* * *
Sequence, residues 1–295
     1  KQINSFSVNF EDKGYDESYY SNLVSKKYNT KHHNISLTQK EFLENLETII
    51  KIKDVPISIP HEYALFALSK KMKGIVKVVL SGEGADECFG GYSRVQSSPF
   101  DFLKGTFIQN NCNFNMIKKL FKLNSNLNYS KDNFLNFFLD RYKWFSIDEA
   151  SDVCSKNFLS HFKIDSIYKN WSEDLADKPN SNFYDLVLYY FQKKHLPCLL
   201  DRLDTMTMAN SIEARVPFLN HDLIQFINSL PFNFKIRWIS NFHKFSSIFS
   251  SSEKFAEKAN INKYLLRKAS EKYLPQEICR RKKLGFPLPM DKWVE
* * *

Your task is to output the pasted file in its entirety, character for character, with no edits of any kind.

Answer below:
Sequence, residues 1–295
     1  KQINSFSVNF EDKGYDESYY SNLVSKKYNT KHHNISLTQK EFLENLETII
    51  KIKDVPISIP HEYALFALSK KMKGIVKVVL SGEGADECFG GYSRVQSSPF
   101  DFLKGTFIQN NCNFNMIKKL FKLNSNLNYS KDNFLNFFLD RYKWFSIDEA
   151  SDVCSKNFLS HFKIDSIYKN WSEDLADKPN SNFYDLVLYY FQKKHLPCLL
   201  DRLDTMTMAN SIEARVPFLN HDLIQFINSL PFNFKIRWIS NFHKFSSIFS
   251  SSEKFAEKAN INKYLLRKAS EKYLPQEICR RKKLGFPLPM DKWVE